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those two writers, he used this expression : “ that there was as great a difference between them, as between a man who knew how a watch was made, and a man who could tell the hour by looking on the dial-plate.” This was a short and figurative state of his distinction between drawing characters of nature and characters only of manners. But I cannot help being of opinion, that the neat watches of Fielding are as well constructed as the large clocks of Richardson, and that his dial-plates are brighter. Fielding's characters, though they do not expand themselves so widely in dissertation, are as just pictures of human nature, and, I will venture to say, have more striking features and nicer touches of the pencil : and though Johnson used to quote with approbation a saying of Richardson's, “ that the virtues of Fielding's heroes were the vices of a truly good man;" I will venture to add, that the moral tendency of Fielding's writings, though it does vot encourage a strained and rarely possible virtue, is ever favourable to honour and honesty, and cherishes the benevolent and generous affections. He who is as good as Fielding would make him, is an amiable member of society, and may be led on by more regulated instructors to a higher state of ethical perfection.

Johnson proceeded : “ Even sir Francis Wronghead is a character of manners, though drawn with great humour.” He then repeated, very happily, all sir Francis's credulous account to Manly of his being with “ the great man,” and securing a place. I asked him

I asked him if The Suspicious Husband did not furnish a well-drawn character, that of Ranger. Johnson. “No, sir; Ranger is just a rake, a mere rake, and a lively young fellow, but no character.

The great Douglas cause was at this time a very general subject of discussion. I found he had not studied it with much attention, but had only heard parts of it occasionally. He, however, talked of it; and said, “ I am of opinion that positive proof of fraud should not be required of the plaintiff, but that the judges should decide according as probability shall appear to preponderate, granting to the defendant the presumption of filiation to be strong in his favour. And I think too, that a good deal of weight should be allowed to the dying declarations, because they were spontaneous. There is a great difference between what is said without our being urged to it, and what is said from a kind of compulsion. If I praise a man's book without being asked my opinion of it, that is honest praise, to which one may trust. But if an author asks me if I like his book, and I give him something like praise, it must not be taken as my real opinion.”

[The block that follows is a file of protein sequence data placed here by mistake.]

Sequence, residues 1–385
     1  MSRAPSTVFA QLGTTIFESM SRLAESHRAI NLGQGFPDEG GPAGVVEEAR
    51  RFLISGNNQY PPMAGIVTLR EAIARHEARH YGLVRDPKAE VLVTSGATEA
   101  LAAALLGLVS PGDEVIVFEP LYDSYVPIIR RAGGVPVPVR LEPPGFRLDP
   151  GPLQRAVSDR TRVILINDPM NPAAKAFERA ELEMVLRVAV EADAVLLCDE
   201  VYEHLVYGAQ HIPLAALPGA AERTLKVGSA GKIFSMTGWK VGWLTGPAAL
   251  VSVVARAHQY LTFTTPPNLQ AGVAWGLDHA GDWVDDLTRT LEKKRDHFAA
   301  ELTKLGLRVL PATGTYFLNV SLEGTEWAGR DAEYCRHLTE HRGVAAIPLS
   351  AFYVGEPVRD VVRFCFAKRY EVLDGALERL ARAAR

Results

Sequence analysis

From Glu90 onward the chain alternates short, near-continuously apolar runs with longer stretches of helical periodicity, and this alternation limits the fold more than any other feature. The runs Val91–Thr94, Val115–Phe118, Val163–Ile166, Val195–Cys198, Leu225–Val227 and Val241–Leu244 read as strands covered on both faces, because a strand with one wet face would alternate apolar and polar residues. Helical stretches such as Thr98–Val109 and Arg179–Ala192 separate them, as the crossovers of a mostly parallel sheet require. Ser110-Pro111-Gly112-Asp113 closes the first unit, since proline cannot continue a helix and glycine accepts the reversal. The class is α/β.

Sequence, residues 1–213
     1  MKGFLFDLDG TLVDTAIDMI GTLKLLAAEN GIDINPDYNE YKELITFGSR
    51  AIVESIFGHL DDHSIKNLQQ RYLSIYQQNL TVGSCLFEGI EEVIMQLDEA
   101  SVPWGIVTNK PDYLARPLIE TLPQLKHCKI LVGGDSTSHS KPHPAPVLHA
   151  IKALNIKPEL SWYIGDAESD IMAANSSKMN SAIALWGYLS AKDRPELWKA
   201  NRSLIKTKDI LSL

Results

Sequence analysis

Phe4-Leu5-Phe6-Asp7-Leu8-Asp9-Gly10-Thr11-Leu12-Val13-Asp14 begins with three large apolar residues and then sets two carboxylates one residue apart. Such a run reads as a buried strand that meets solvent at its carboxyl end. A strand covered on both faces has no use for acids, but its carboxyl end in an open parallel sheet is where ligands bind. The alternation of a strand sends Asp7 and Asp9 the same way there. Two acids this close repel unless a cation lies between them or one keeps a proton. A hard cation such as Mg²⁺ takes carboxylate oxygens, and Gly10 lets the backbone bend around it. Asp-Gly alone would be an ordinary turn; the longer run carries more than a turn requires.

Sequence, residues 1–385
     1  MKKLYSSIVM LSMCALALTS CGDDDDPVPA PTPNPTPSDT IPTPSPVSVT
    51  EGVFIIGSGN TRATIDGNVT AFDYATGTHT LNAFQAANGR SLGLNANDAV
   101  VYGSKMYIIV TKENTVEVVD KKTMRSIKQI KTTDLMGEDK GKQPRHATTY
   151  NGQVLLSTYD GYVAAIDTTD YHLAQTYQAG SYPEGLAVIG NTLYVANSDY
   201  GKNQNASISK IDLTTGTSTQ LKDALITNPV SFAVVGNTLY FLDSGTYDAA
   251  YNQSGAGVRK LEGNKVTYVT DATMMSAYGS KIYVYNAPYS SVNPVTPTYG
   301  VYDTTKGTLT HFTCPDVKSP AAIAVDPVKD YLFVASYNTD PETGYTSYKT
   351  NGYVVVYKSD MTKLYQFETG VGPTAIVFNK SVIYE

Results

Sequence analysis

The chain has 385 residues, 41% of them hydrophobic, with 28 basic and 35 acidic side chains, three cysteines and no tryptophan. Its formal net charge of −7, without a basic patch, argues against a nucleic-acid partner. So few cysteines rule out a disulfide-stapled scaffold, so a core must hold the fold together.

“I have not been troubled for a long time with authors desiring my opinion of their works. I used once to be sadly plagued with a man who wrote verses, but who literally had no other notion of a verse, but that it consisted of ten syllables. Lay your knife and your fork across your plate, was to him a verse:

Lay your knife and your förk across your plāte. As he wrote a great number of verses, he sometimes by chance made good ones, though he did not know it.”

He renewed his promise of coming to Scotland, and going with me to the Hebrides; but said he would now coutent himself with seeing one or two of the most curious of them. He said, “ Macaulay, who writes the account of St. Kilda, set out with a prejudice against prejudices, and wanted to be a smart modern thinker; and yet he affirms for a truth, that when a ship arrives there, all the inbabitants are seized with a cold."

Dr. John Campbell, the celebrated writer, took a great deal of pains to ascertain this fact, and attempted to account for it on physical principles, from the effect of effluvia from human bodies. Johnson, at another time, praised Macaulay for his “magnanimity” in asserting this wonderful story, because it was well attested. A lady of Norfolk, by a letter to my friend Dr. Burney, has favoured me with the following solution : “ Now for the explication of this seeming mystery, which is so very obvious as, for that reason, to have escaped the penetration of Dr. Johnson and his friend, as well as that of the author. Reading the book with my ingenious friend, the late reverend Mr. Christian of Docking-after ruminating a little, “The cause,' says he, is a natural one. The situation of St. Kilda renders a north-east wind indispensably necessary before a stranger can land. The wind, not the stranger, occasions an epidemick cold. If I am not mistaken, Mr. Macaulay is dead: if living, this solution might please him, as I hope it will Mr. Boswell, in return for the many agreeable hours his works have afforded us."

Johnson expatiated on the advantages of Oxford for learning. “There is here, sir," said he, " such a progressive emulation. The students are anxious to appear well to their tutors; the tutors are anxious to have their pupils appear well in the college; the colleges are anxious to have their students appear well in the university; and there are excellent rules of discipline in every college. That the rules are sometimes ill observed, may be true; but is nothing against the system. The members of an